In a world where technology seems to be taking over our every thought, Mosley feels like a well-timed superhero story. Who will fight for us when the machines take over? The first issue came out swinging, revealing Mosley may have helped A.I. take over, but is now bestowed with the power to defeat them. From where or what this power came remains to be seen, but in Mosley #2, it’s time to break some robotic skulls!
Mosley #2 opens with a flashback as we learn when Mosley lost his daughter to an organization he did not believe in. It’s just an internship, but it’s with the Human Progress Project, which we already know has made humans into slave-like drones. This issue establishes a critical fact that is ever present in our own world, and that’s how many people are slaves to technology, but they don’t mind it at all. In fact, they may be addicted to it.
Writer Rob Guillory writes some great captions throughout the main action sequence. It’s not preachy, but it hammers home the destructive nature of technology and our obsession with it. We are slaves to it, and it’s definitely not good. That keeps sci-fi futurism grounded in our reality, making it not hard to believe all of this could happen.
Much of this issue is devoted to an action scene involving Mosley taking his flaming hammer to the machine’s temple. On his way there, he witnesses a man getting eaten and stops the perpetrators, then takes his hammer to the temple directly. The robot mind inside is freaky and designed well by artist Sam Lotfi. New revelations within the temple are revealed, further cementing Mosley’s point of view as correct, but once he realizes humanity will turn on him for taking technology away, you’ll question if there’s anything left to save.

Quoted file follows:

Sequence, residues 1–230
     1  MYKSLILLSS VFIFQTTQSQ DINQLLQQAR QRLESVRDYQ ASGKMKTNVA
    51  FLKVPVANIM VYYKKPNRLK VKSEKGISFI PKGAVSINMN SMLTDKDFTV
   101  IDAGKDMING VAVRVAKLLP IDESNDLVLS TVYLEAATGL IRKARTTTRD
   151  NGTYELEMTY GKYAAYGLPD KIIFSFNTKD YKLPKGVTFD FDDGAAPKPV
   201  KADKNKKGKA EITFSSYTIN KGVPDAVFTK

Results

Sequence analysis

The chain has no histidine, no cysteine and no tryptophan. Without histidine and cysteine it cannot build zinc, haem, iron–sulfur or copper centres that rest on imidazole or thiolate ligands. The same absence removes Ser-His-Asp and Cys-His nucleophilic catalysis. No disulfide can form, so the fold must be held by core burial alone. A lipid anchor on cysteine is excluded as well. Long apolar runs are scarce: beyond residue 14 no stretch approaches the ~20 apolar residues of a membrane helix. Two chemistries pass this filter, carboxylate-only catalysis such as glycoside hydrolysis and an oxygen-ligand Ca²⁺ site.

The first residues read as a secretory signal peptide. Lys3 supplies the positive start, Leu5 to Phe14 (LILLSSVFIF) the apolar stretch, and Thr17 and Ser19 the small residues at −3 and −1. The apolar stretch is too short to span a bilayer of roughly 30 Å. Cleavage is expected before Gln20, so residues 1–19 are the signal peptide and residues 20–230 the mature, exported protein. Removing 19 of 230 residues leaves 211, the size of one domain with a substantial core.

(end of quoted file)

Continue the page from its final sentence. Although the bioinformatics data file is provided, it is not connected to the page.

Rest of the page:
As the story progresses, Mosley shows how he can fight but also be defeated. We still don’t know what gave him his power, but there are rules he must abide by, it seems. By the end, Mosley is in for a new world of hurt as a person from his past life returns. All told, this issue leans heavily on the captions to bring the larger meaning into focus, but the plot moves slowly. You basically get one action scene that is a continuation from the last issue.
Closing out the book is a short backup written and drawn by Rob Guillory, revealing the early days of technology taking over. It’s a clever idea–robots become helpers in hospitals–which is unnerving but done in a way that’s believable. The character we follow will play a major part going forward, but Guilory keeps you in the dark at first, so it feels like a mystery to unpack.
Mosley #2 is an excellent second chapter, further cementing the deeper meaning behind the sci-fi dystopia that humanity sees as a good thing. Like today, Mosley points out that our over-reliance on technology isn’t a good thing and, if left untapped, could make our lives far worse. Mosley is the superhero we don’t deserve, but sure could use.
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